Cardiac and behavioural responses to hypoxia and warming in free-swimming gilthead seabream Sparus aurata
Cardiac and behavioural responses to hypoxia and warming were investigated in free-swimming gilthead seabream Sparus aurata equipped with biologging tags in the peritoneal cavity. After suitable recovery in a holding tank, heart rate (fH) and the variance of tri-axial body acceleration (VARm) were logged during exposure to stepwise progressive hypoxia or warming, comparing when either swimming in a tank or confined to individual respirometer chambers. When undisturbed under control conditions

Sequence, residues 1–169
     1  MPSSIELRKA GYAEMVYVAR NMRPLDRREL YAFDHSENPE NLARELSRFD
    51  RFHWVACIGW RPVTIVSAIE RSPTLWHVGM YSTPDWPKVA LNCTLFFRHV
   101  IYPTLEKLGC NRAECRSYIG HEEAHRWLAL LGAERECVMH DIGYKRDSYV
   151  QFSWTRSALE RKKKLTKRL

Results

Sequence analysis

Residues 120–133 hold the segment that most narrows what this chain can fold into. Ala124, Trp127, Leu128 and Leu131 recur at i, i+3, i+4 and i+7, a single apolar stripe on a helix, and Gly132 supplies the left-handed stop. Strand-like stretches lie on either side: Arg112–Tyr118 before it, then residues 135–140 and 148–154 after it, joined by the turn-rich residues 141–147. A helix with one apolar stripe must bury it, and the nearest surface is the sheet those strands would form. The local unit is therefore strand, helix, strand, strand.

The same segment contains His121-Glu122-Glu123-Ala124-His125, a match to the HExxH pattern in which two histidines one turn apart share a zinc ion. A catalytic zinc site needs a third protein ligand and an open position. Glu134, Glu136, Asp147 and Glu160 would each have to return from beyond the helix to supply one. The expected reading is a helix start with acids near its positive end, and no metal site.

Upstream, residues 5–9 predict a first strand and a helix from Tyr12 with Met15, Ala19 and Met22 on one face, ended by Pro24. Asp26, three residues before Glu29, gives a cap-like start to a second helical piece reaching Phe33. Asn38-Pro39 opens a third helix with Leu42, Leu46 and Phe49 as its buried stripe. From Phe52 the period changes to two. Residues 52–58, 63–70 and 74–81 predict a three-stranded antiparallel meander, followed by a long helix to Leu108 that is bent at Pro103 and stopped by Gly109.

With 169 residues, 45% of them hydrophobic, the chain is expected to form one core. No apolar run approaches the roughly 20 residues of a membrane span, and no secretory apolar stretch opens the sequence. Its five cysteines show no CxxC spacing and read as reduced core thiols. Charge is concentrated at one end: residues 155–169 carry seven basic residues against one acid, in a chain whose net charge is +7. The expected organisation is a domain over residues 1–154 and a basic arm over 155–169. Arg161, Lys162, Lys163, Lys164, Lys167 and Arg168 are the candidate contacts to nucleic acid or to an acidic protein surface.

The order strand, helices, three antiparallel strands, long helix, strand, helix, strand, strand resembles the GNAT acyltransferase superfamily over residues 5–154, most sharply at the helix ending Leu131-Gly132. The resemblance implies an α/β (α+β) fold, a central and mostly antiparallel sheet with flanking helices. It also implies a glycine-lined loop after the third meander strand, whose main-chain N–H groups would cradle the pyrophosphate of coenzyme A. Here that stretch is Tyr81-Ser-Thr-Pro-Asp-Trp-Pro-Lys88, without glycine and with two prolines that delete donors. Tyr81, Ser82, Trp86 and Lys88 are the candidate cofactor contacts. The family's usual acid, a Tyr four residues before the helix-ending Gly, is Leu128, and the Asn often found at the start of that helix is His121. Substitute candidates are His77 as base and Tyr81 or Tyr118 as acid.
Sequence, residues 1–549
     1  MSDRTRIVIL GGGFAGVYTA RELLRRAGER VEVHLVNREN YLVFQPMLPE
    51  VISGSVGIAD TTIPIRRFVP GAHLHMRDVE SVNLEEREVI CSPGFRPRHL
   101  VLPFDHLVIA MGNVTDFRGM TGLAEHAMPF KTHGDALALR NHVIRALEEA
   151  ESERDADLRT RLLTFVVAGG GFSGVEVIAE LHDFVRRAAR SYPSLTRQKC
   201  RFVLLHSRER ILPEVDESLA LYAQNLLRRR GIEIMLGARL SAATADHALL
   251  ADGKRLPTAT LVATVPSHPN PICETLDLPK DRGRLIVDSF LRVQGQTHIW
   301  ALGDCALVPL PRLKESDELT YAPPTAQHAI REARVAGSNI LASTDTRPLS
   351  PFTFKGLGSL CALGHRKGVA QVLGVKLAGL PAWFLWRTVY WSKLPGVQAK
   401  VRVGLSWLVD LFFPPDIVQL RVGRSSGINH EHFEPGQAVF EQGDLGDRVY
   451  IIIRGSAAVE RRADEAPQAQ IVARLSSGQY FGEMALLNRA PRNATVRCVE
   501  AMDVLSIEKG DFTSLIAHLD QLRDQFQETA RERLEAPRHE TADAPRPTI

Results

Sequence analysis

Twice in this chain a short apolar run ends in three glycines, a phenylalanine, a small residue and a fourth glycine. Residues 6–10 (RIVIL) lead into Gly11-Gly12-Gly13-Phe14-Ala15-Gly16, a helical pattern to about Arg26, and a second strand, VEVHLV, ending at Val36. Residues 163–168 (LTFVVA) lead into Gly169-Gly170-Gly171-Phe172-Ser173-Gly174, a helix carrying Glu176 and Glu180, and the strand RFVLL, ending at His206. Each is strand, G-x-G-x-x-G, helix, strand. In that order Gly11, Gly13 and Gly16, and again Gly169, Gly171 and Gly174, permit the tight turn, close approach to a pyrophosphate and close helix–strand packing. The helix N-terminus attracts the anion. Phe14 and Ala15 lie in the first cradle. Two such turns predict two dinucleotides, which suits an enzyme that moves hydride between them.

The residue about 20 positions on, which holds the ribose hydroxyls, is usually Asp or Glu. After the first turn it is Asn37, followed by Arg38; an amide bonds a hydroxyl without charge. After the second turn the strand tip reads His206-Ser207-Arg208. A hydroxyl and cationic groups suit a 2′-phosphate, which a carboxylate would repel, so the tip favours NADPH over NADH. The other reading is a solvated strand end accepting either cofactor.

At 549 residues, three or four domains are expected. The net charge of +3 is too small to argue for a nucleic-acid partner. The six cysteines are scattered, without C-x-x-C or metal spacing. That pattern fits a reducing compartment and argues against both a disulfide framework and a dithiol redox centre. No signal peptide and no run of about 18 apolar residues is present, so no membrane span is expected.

... ormoxia, 21 C), mean fH was significantly lower in tank than respirometers. In progressive hypoxia (100 - 15% oxygen saturation), mean fH in the tank was significantly lower than respirometers at oxygen levels until 40%, with significant bradycardia in both holding conditions below this. Mean VARm was low and invariant in hypoxia. Warming (21 to 31 C) caused progressive tachycardia with no differences in fH between holding conditions. Mean VARm was, however, significantly higher in the tank during warming, with a positive relationship between VARm and fH across all temperatures. Therefore, spontaneous activity contributed to raising fH of fish in the tank during warming. Mean fH in respirometers had a highly significant linear relationship with mean rates of oxygen uptake, considering data from hypoxia and warming together. The high fH of confined S. aurata indicates that static respirometry techniques may bias estimates of metabolic traits in some fish species. Biologging on free-swimming fish revealed novel information about cardiac responses to environmental stressors, which may be closer to responses exhibited by fish in their natural environment.